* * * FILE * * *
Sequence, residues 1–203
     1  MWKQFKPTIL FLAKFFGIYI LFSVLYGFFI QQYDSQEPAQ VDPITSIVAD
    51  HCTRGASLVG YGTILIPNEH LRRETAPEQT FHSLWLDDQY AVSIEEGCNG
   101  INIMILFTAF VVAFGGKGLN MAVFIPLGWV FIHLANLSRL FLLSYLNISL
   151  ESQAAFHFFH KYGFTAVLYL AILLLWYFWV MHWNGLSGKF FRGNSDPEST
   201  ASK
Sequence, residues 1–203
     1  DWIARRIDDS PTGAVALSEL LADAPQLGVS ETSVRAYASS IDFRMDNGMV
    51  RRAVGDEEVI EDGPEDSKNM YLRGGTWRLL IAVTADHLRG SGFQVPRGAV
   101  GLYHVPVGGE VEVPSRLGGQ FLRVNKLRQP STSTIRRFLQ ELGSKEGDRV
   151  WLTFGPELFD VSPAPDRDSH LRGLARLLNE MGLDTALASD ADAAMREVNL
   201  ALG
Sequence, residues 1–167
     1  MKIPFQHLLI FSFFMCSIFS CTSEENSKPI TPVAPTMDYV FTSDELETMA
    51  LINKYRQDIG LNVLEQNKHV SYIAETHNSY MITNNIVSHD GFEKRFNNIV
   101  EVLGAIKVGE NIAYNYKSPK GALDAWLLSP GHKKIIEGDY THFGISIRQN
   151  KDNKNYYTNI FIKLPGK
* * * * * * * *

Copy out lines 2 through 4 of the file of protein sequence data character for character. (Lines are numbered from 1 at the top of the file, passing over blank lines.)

     1  MWKQFKPTIL FLAKFFGIYI LFSVLYGFFI QQYDSQEPAQ VDPITSIVAD
    51  HCTRGASLVG YGTILIPNEH LRRETAPEQT FHSLWLDDQY AVSIEEGCNG
   101  INIMILFTAF VVAFGGKGLN MAVFIPLGWV FIHLANLSRL FLLSYLNISL